Searching over 5,500,000 cases.


searching
Buy This Entire Record For $7.95

Download the entire decision to receive the complete text, official citation,
docket number, dissents and concurrences, and footnotes for this case.

Learn more about what you receive with purchase of this case.

Epperson v. Evonik Corp.

United States District Court, N.D. Alabama, Southern Division

July 10, 2019

RAY EPPERSON, Plaintiff,
v.
EVONIK CORPORATION, Defendant.

          MEMORANDUM OPINION

          KARON OWEN BOWDRE, CHIEF UNITED STATES DISTRICT JUDGE

         This Family and Medical Leave Act matter comes before the court on Defendant Evonik Corporation's “Motion for Judgment on the Pleadings as to the Amended Complaint and Incorporated Memorandum of Law.” (Doc. 26).

         Plaintiff Ray Epperson alleges that he requested medical leave under the FMLA from his employer, Evonik, and then took what he thought was his FMLA leave. But after Mr. Epperson took several days off, Evonik terminated his employment. Mr. Epperson contends that, by doing so, Evonik interfered with his FMLA rights and retaliated against him for engaging in activity protected by the FMLA.

         Evonik moves the court to enter judgment in its favor on Mr. Epperson's claims under Rule 12(c) of the Federal Rules of Civil Procedure because, according to Evonik, the pleadings show that Mr. Epperson did not provide medical certification from his doctor to support his application for FMLA leave. So Evonik asserts that Mr. Epperson was not entitled to FMLA protections and thus cannot state any claim for relief under the FMLA.

         As further explained below, Mr. Epperson was not entitled to FMLA leave so the court will dismiss his interference claim. But the court will not dismiss his retaliation claim because he has sufficiently alleged that he engaged in statutorily protected activity, that a causal connection between the activity and his termination exists, and that Evonik's reason for terminating him is pretext for retaliation.

         I. STANDARD OF REVIEW

         The court reviews a Rule 12(c) motion for judgment on the pleadings under the same standard as a Rule 12(b)(6) motion to dismiss. Carbone v. Cable News Network, Inc., 910 F.3d 1345, 1350 (11th Cir. 2018) (citing Hawthorne v. Mac Adjustment, Inc., 140 F.3d 1367, 1370 (11th Cir. 1998)). Under Rule 12(b)(6), a defendant may move to dismiss a complaint for “failure to state a claim upon which relief can be granted.” To survive a motion to dismiss, the complaint must allege “enough facts to state a claim to relief that is plausible on its face.” Bell Atl. Corp. v. Twombly, 550 U.S. 544, 570 (2007). To be plausible on its face, the complaint must contain enough “factual content that allows the court to draw the reasonable inference that the defendant is liable for the misconduct alleged.” Ashcroft v. Iqbal, 556 U.S. 662, 678 (2009). And on a motion to dismiss, the court accepts as true the factual allegations in the complaint and construes them in the light most favorable to the plaintiff. Id.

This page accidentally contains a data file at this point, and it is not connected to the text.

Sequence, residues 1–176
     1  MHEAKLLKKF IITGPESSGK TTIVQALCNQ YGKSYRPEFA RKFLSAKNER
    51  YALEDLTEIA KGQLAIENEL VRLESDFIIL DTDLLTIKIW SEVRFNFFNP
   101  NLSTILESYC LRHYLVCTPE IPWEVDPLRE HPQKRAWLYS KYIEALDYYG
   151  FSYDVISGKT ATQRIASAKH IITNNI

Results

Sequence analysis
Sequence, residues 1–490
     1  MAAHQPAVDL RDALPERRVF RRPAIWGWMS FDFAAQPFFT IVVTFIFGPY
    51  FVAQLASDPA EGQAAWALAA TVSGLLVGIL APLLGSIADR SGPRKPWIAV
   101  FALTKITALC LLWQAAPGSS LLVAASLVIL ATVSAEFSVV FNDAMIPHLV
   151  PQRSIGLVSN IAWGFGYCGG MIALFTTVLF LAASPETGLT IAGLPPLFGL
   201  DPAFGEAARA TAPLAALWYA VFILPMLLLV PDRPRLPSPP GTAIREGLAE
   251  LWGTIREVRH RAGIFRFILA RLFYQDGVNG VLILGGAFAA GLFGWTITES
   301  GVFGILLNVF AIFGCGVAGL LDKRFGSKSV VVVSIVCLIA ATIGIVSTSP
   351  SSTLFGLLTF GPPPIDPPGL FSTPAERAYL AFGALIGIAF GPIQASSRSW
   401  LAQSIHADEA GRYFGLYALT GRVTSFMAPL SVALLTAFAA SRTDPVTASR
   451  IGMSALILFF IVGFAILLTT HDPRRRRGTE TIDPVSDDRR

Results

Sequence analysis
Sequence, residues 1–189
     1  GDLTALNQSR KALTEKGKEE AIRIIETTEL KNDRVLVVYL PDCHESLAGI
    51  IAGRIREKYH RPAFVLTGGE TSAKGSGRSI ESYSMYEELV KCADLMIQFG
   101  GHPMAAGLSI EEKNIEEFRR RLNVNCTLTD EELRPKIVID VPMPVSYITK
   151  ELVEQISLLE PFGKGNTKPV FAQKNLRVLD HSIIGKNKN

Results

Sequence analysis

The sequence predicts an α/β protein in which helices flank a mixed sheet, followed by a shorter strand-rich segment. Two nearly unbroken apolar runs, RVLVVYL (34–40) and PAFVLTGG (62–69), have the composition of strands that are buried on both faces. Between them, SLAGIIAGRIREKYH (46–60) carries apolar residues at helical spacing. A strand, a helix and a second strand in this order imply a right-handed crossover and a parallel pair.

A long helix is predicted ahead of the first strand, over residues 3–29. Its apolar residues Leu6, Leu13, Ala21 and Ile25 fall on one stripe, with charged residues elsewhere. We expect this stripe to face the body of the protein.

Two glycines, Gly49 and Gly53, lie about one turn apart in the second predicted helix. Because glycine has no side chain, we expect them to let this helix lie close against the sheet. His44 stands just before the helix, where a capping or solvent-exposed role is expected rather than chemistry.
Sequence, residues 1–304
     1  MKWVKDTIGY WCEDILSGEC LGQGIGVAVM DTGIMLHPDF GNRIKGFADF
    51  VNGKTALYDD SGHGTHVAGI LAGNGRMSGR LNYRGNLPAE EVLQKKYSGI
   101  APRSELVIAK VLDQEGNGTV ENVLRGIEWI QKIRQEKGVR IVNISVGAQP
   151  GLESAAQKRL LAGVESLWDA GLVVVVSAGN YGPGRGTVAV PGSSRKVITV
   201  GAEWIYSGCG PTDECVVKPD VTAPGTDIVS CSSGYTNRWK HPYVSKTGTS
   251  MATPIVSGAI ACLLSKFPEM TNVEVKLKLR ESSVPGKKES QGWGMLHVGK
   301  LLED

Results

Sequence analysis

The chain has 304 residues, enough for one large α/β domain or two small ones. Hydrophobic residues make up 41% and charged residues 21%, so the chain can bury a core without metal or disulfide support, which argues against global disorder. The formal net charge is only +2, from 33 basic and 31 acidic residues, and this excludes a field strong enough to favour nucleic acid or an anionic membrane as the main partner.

But not all allegations can defeat a motion to dismiss. “[L]abels and conclusions . . . will not do, ” and “[f]actual allegations must be enough to raise a right to relief above the speculative level.” Twombly, 550 U.S. at 555. If the court determines that the well-pled facts in the complaint, accepted as true, do not state a plausible claim to relief, the court must dismiss the claim. Iqbal, 556 U.S. at 678.

         II. FACTUAL BACKGROUND

         Mr. Epperson worked as a chemical operator for Evonik in Birmingham, Alabama. In November 2017, a physician diagnosed Mr. Epperson with an atrial flutter and pneumonia. While in the hospital receiving treatment for his health issues, Mr. Epperson “called his supervisor multiple times to inform him that he was suffering from severe health complications and would not be returning to work until he fully recovered.” (Doc. 23 at ¶ 11).

         On November 17, 2017, Mr. Epperson requested FMLA leave from Evonik because he needed treatment for his medical conditions. Evonik notified Mr. Epperson that he had to complete the necessary FMLA application and “obtain a medical certification from his doctor.” (Doc. 23 at ¶ 14).

         Mr. Epperson collected the necessary FMLA paperwork from Evonik and delivered the medical certification form to his doctor. Mr. Epperson “was told that the doctor would send it to [Evonik], ” but he does not allege who told him that information. (Doc. 23 at ¶ 16).

         Mr. Epperson asserts that he took the same steps-i.e., he gave the medical certification form to his doctor and “believed that the doctor would send the certification directly to [Evonik]”-when he had successfully applied for FMLA leave from Evonik in 2014. (Doc. 23 at ¶ 18).

         Evonik never received Mr. Epperson's medical certification form. Regardless, from November 17 to December 7, 2017, Mr. Epperson took several days off ...


Buy This Entire Record For $7.95

Download the entire decision to receive the complete text, official citation,
docket number, dissents and concurrences, and footnotes for this case.

Learn more about what you receive with purchase of this case.